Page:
To that end, they also showed how Georgetown was an eager participant in perpetuating this fundamentally unfair aspect of college admissions. Indeed, internal documents showed that Georgetown showed flexibility in its admissions “standards” based on just how wealthy or important the applicant’s family was.

The Khoury defense recognized that there was a difference between a university giving the wealthy the types of breaks they have received for generations and the subterfuge, forgeries and audacious misrepresentations that characterized the other “Varsity Blues” cases. Perhaps most importantly, they recognized they didn’t have any other choice.

In its closing argument, the government tried to attack the defense’s approach, arguing that Khoury “admits what he can’t deny, and he denies the one thing he can’t admit.” The government failed to see the approach for what it was – shrewd and effective.

Never Overpromise and Then Underdeliver

In stark contrast, the government lost credibility with the jury by breaking a cardinal rule of trial. It failed to deliver on the promises it made at the trial’s inception.

As an advocate, it is the attorney’s job to paint facts in the light most favorable to the client. This, however, can lead to a temptation to oversell and attempt to paint the facts as different, or better, than they really are. Succumbing to this temptation can be detrimental.

Examples of the government overselling the facts – both big and small – occurred throughout the trial.

The government claimed that Khoury’s agreement to pay a $200,000 bribe to Ernst was reached during a reunion dinner for the Brown tennis team. Under cross-examination, the government’s star witness, Donovan, admitted that there had been no discussion of a bribe or anyone committing a crime at that dinner.

Even worse, numerous documents showed that Katherine Khoury’s admission to Georgetown was far from a sure thing even months after that dinner occurred.

When one top tennis recruit elected to turn down Georgetown in favor of Boston College, opening a slot for Katherine Khoury, Donovan remarked in a text message to Khoury that they had “dodged a bullet.”

If Katherine Khoury’s admission had been sealed with a bribery agreement made months before, it wouldn’t have mattered what Georgetown’s other tennis recruits decided to do. In fact, when Katherine Khoury was finally admitted to Georgetown, Donovan sent a text message to Khoury that Katherine’s admission was “proof that miracles still happen.”

The government claimed that Khoury and Ernst had concocted a scheme to have Katherine Khoury fake a shoulder injury as an excuse to avoid playing tennis at Georgetown. That story unraveled when there was no reliable evidence that anything of the sort had actually happened.

Katherine Khoury convincingly testified that she was unaware of the efforts her father had made on her behalf. Consequently, she never claimed to have an injured shoulder.

Rather, a series of agonizing text messages were admitted at trial that showed that her parents’ ugly divorce left the family in therapy and Katherine Khoury contemplating suicide just as she was beginning her freshman year at Georgetown. That was the real reason why Katherine Khoury stopped playing tennis.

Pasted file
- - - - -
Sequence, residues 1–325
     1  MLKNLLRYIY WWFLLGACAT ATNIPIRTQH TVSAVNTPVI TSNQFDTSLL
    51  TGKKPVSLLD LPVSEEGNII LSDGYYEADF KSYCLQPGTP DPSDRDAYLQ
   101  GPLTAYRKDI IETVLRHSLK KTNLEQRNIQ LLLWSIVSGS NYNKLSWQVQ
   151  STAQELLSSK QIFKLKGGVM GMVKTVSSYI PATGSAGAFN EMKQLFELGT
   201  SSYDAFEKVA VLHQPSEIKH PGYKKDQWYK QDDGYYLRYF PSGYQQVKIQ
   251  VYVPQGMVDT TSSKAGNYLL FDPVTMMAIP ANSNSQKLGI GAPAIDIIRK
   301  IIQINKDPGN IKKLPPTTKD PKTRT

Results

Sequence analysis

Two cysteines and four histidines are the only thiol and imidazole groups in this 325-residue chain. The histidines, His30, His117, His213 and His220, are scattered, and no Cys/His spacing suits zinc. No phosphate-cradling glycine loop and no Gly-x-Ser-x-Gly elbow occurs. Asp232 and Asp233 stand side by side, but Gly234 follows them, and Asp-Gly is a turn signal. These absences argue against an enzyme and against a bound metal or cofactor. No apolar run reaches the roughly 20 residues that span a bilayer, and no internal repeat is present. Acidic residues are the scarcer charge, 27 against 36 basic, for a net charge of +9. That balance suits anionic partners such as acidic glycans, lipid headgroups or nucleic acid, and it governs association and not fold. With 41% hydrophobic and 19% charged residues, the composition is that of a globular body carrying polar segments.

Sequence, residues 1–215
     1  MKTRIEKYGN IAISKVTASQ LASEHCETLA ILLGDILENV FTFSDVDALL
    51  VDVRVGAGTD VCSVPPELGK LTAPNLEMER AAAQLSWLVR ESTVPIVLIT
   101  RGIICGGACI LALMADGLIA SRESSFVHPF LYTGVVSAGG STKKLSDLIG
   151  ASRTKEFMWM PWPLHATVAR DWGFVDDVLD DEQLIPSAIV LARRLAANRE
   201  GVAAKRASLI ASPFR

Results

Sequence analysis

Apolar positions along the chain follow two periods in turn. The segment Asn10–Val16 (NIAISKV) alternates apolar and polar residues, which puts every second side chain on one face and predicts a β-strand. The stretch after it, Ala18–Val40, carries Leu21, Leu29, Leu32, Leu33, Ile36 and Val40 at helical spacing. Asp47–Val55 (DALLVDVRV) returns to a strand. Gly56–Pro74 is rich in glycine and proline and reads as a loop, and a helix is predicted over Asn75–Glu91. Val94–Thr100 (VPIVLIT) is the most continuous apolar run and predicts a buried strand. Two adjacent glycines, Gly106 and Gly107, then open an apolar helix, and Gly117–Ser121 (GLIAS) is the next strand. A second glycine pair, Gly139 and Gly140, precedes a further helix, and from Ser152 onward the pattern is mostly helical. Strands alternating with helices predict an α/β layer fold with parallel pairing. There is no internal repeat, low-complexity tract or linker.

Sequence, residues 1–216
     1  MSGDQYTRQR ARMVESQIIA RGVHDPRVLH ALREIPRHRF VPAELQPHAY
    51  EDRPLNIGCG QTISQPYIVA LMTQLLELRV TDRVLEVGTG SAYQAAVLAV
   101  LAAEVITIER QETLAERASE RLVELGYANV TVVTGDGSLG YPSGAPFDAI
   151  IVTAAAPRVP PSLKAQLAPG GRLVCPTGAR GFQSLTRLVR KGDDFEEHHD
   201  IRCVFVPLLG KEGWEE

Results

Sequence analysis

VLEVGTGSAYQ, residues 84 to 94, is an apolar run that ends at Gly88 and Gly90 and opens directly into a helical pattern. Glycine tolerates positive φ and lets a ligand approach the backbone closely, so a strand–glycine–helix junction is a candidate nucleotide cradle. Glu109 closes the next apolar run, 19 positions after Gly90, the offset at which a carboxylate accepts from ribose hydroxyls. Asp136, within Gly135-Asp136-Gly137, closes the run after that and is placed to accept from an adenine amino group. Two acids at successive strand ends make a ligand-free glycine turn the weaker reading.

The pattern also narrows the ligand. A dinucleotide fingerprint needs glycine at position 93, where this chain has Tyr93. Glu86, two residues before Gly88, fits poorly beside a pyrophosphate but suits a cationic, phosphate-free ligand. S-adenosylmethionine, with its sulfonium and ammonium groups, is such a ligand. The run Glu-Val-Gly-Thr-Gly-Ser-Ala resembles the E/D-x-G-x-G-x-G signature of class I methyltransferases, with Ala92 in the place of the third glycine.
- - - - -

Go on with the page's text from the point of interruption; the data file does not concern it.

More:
The government put former Georgetown admissions officer Meg Lysy on the stand to testify that wealth of applicants’ families was neither investigated nor considered during the admissions process. Black argued that internal Georgetown documents undeniably proved that was not true.

The government put on evidence of the scores of the first two SAT tests Katherine Khoury had taken.  The defense countered by showing that Katherine had taken the test two more times and that her scores had improved each time.

If Katherine Khoury’s admission to Georgetown had been secured months earlier by a bribe, she would not have needed to keep taking the SAT.

Perhaps most damaging, the government was left in the position of trying to argue that money and influence do not play a role in the admissions process at Georgetown. To no real surprise, the evidence showed that it did.

The jurors, of course, likely knew that was the case with college admissions everywhere long before they were even selected for jury duty.

It is often said that people are entitled to their own opinions but not their own facts. A critical part of preparing a narrative for trial is being objective about what the facts are and where those facts can – and cannot – take you.

The Khoury defense recognized that there were certain facts it could not spin. Khoury was both wealthy and connected. Katherine Khoury was neither a top tennis recruit nor the type of student that could gain admittance to Georgetown on merit alone. Khoury caused Ernst and Donovan to be paid a total of $200,000.

To paraphrase the government’s closing argument, Khoury admitted all of those things because there was no credible way to deny them. The government, on the other hand, took those same facts and tried to make them seem even stronger than they were.

Worse, the government tried to deny the one thing that was undeniable – that Georgetown gave admissions preferences to the children of wealthy or well-connected applicants.

Given how each side chose to present the facts, the jury’s decision to reject the government’s theory of the case was not nearly as remarkable as it may have first seemed.


Thomas F. Murphy is a partner at Friedlander Mis/er PLLC.

The opinions expressed are those of the author(s) and do not necessarily reflect the views of the firm, its clients, or Portfolio Media Inc., or any of its or their respective affiliates. This article is for general information purposes and is not intended to be and should not be taken as legal advice.

¹Moreno, Carlos “How Ending Legacy Admissions Can Help Achieve Greater Education Equity,” April 12, 2022,